September 19-20, 2006
Mark Seiden, Consultant,
here to see
FedEx Hub Tour
September 20 at 11:00 pm
September 21 at 12:30 am
Field Trip rules
• Location-based services
• Integrating real-time data
• Coordinating cyber- and physical space
• 3D mapping
• Geo- and real-time location
• Supply chains
• Earth referencing
• Asset tracking and sensing
New technology developments constantly surprise us. Who would have guessed that GPS, originally developed as a navigation tool for the military, would become standard fare on cell phones? What other technologies normally associated with logistics and supply chain management will blossom into new roles with unintended (and beneficial) uses?
Location-aware technologies combined with mapping and other data are poised to create a whole new class of web apps and services. Maps have become an interface, helping us to visualize and access a variety of data. Embedded into all aspects of our work and play, they are dynamic displays of geospatial and temporal information, assemblies of complex layers of data and image. Location is fertile ground for hackers and researchers. The ability to turn geographically indexed data into useful, possibly life-saving, and potentially money-making data is on the horizon.
Now that the cyberspace and physical worlds have started mingling with each other, event representation requires dealing with time and space as primary attributes. Bits may not care about time and place, but atoms sure do, and so do we. In a global economy, production is being globalized. Extra layers of complexity - customs requirements, tariffs, and country-specific regulations - add to the challenge. A little word like "logistics" connotes much more than traditional material flow. To really study and understand logistics requires more than simply wondering why RFID hasn't fully materialized yet, or why when it does, it might not be a silver bullet.
This conference will explore differing views and meaning of time, place, and space in the context of supply chains, but with a wider view to technology deployment in general.
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Mr. Robert Carter, CIO, FedEx Corporation
Ms. Robin Chase, CEO, Meadow Networks
Ms. Brook DeLorme, CEO, Earthmate.com
Mr. John Gloekler, Founder and CEO, G2 Microsystems
Dr. Chris Kantarjiev, Principal, Dimebank Software
Dr. Wolf Kohn, Founder and Chief Scientist, Clearsight Systems, Inc.
MS. Mitsuko Mizushima, Chief Logistics Officer, Fritz Institute
Mr. Perry Peterson, President, Pyxis Innovation
Mr. Robert Poor, Founder, Adozu, Inc.
Mr. Jed Rice, VP, Skyhook Wireless
Mr. Roy Russell, CTO, Zipcar
Dr. Funda Sahin, Assistant Professor of Logistics, University of Tennessee
Mr. John Springer, Director, Global Operations, Nike Golf
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Wednesday, September 20 at 11:00 PM and Thursday, September 21 at 12:30 AM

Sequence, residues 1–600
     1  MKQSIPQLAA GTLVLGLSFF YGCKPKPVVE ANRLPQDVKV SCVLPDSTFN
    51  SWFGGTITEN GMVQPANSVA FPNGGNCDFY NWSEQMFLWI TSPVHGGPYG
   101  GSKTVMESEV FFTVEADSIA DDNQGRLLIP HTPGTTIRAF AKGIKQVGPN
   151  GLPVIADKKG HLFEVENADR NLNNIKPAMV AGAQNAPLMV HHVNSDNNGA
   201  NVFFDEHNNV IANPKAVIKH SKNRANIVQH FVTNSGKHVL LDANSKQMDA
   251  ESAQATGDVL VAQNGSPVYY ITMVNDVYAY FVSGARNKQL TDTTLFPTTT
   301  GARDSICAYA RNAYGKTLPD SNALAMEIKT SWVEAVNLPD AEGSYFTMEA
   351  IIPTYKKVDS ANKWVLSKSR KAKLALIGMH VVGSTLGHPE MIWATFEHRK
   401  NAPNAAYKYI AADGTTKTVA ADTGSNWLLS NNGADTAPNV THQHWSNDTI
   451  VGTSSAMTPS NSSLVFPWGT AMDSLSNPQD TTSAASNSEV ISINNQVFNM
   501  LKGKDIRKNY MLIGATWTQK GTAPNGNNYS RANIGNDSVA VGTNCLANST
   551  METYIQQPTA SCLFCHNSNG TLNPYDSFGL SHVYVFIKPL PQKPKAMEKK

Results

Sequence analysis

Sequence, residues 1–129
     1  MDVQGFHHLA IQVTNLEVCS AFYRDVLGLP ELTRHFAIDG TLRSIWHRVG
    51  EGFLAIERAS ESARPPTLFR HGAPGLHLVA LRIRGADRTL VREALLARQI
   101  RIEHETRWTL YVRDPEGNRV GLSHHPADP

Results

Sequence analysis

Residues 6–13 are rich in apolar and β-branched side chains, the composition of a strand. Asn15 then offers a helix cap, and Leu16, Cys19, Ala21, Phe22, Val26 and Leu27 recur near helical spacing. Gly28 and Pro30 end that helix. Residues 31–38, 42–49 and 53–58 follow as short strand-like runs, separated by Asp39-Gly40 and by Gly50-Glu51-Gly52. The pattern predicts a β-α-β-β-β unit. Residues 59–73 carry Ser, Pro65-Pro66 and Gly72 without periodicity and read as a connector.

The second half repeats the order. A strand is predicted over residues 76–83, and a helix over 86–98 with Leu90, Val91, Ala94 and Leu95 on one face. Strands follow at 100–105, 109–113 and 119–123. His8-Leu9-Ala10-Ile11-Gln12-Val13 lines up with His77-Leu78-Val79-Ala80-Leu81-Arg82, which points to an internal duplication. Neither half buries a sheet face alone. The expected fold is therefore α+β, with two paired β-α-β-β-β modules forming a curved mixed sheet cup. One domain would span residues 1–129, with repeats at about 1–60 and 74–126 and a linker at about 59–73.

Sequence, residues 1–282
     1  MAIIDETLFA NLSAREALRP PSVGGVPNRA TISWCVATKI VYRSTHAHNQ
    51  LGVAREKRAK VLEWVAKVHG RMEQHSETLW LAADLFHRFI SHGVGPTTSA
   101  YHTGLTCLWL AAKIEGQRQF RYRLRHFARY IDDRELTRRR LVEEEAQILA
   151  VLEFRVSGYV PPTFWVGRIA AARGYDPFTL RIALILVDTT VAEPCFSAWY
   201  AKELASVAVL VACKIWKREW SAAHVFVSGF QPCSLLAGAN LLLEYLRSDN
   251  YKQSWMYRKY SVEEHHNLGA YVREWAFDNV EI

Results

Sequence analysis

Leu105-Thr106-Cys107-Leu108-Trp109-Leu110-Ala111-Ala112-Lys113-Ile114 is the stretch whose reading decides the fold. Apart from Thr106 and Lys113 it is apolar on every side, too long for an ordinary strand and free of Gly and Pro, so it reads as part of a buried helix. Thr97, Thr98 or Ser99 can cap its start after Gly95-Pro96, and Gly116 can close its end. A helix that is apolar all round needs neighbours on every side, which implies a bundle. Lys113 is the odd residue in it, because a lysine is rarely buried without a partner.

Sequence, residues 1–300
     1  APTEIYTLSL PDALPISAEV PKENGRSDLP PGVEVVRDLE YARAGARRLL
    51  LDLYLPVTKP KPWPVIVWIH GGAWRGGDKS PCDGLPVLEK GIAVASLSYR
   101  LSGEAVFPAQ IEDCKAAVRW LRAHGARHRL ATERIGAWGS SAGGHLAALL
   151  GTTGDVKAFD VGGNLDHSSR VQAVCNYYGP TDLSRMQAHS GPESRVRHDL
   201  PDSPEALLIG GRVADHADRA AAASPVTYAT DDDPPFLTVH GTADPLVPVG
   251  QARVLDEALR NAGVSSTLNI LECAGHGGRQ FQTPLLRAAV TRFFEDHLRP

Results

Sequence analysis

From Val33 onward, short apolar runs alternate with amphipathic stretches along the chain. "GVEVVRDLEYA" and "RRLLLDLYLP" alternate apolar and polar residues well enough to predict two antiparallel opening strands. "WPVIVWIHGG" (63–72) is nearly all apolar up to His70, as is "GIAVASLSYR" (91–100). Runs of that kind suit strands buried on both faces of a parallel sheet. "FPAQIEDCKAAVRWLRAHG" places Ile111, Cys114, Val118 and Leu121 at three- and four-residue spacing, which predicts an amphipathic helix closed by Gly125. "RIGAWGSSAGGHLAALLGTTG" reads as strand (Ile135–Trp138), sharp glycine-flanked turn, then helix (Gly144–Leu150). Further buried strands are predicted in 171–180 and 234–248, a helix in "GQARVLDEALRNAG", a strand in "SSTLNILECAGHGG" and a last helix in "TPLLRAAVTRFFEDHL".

click here to see FedEx Field Trip rules
Situated on approximately 300 acres with a perimeter of nearly five miles, the Memphis Hub operation has a workforce of more than 15,000 people. On average, more than 200 aircraft descend every day onto four runways, carrying cargo to a sort system that contains more than 300 miles of conveyor belts. The automated package-sorting systems are capable of processing approximately 500,000 packages per hour. The small-package sort system (SPSS) can process 325,000 small packages per hour. Overall, more than 1.5 million packages move through the Memphis Hub each business day. Each package shipped is scanned an average of 23 times.
FedEx pioneered the use of the hub-and-spoke system in the shipping industry. With advanced computer systems, laser scanners, and highly sophisticated sorting equipment, the hub staff has the tools it needs to move and monitor every package.
There will be two tours of the FedEx Hub facility: 11:00 PM on Wednesday, September 20, and 12:30 AM on Thursday, September 21. Due to security concerns, each tour will be limited to 40 people, so early registration is advised. You will be asked to select the time you prefer; these "seats" will be allocated by the date you register.
During the tour, we will follow the route packages take while entering and exiting the Hub facility, including:
Package introduction into the sort
Package sorting in the primary sort (Matrix)
Package loading at the secondary sort
We will then view the SPSS for a tour of the automated small package sorting system.
Throughout the sort, we will be introduced to and given an explanation of the technical aspects of the sorting operation, including computer systems, sort systems, and automation that enable FedEx to maximize the sorting process.
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